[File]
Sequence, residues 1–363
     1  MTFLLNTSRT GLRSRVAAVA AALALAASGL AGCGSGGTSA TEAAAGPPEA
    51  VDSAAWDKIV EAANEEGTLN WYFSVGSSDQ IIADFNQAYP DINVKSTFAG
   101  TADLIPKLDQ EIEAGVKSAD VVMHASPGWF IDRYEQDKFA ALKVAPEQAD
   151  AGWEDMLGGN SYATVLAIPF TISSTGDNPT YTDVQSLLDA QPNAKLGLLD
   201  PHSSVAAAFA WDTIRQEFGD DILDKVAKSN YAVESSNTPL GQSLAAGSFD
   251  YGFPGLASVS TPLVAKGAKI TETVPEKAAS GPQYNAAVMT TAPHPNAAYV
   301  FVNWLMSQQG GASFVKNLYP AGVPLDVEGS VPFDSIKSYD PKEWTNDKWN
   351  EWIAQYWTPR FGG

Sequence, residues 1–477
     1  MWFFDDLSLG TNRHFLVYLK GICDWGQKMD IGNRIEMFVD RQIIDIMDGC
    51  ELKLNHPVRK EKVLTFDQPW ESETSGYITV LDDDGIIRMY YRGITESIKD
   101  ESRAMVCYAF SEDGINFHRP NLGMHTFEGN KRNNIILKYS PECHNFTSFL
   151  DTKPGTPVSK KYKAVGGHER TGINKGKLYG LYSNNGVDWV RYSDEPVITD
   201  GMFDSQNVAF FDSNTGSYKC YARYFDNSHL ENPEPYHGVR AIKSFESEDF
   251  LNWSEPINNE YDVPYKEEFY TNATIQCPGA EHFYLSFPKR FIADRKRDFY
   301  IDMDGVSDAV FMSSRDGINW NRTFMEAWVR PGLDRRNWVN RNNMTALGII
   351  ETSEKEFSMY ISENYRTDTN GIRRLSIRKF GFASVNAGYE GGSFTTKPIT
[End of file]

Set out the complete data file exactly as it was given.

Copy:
Sequence, residues 1–363
     1  MTFLLNTSRT GLRSRVAAVA AALALAASGL AGCGSGGTSA TEAAAGPPEA
    51  VDSAAWDKIV EAANEEGTLN WYFSVGSSDQ IIADFNQAYP DINVKSTFAG
   101  TADLIPKLDQ EIEAGVKSAD VVMHASPGWF IDRYEQDKFA ALKVAPEQAD
   151  AGWEDMLGGN SYATVLAIPF TISSTGDNPT YTDVQSLLDA QPNAKLGLLD
   201  PHSSVAAAFA WDTIRQEFGD DILDKVAKSN YAVESSNTPL GQSLAAGSFD
   251  YGFPGLASVS TPLVAKGAKI TETVPEKAAS GPQYNAAVMT TAPHPNAAYV
   301  FVNWLMSQQG GASFVKNLYP AGVPLDVEGS VPFDSIKSYD PKEWTNDKWN
   351  EWIAQYWTPR FGG

Sequence, residues 1–477
     1  MWFFDDLSLG TNRHFLVYLK GICDWGQKMD IGNRIEMFVD RQIIDIMDGC
    51  ELKLNHPVRK EKVLTFDQPW ESETSGYITV LDDDGIIRMY YRGITESIKD
   101  ESRAMVCYAF SEDGINFHRP NLGMHTFEGN KRNNIILKYS PECHNFTSFL
   151  DTKPGTPVSK KYKAVGGHER TGINKGKLYG LYSNNGVDWV RYSDEPVITD
   201  GMFDSQNVAF FDSNTGSYKC YARYFDNSHL ENPEPYHGVR AIKSFESEDF
   251  LNWSEPINNE YDVPYKEEFY TNATIQCPGA EHFYLSFPKR FIADRKRDFY
   301  IDMDGVSDAV FMSSRDGINW NRTFMEAWVR PGLDRRNWVN RNNMTALGII
   351  ETSEKEFSMY ISENYRTDTN GIRRLSIRKF GFASVNAGYE GGSFTTKPIT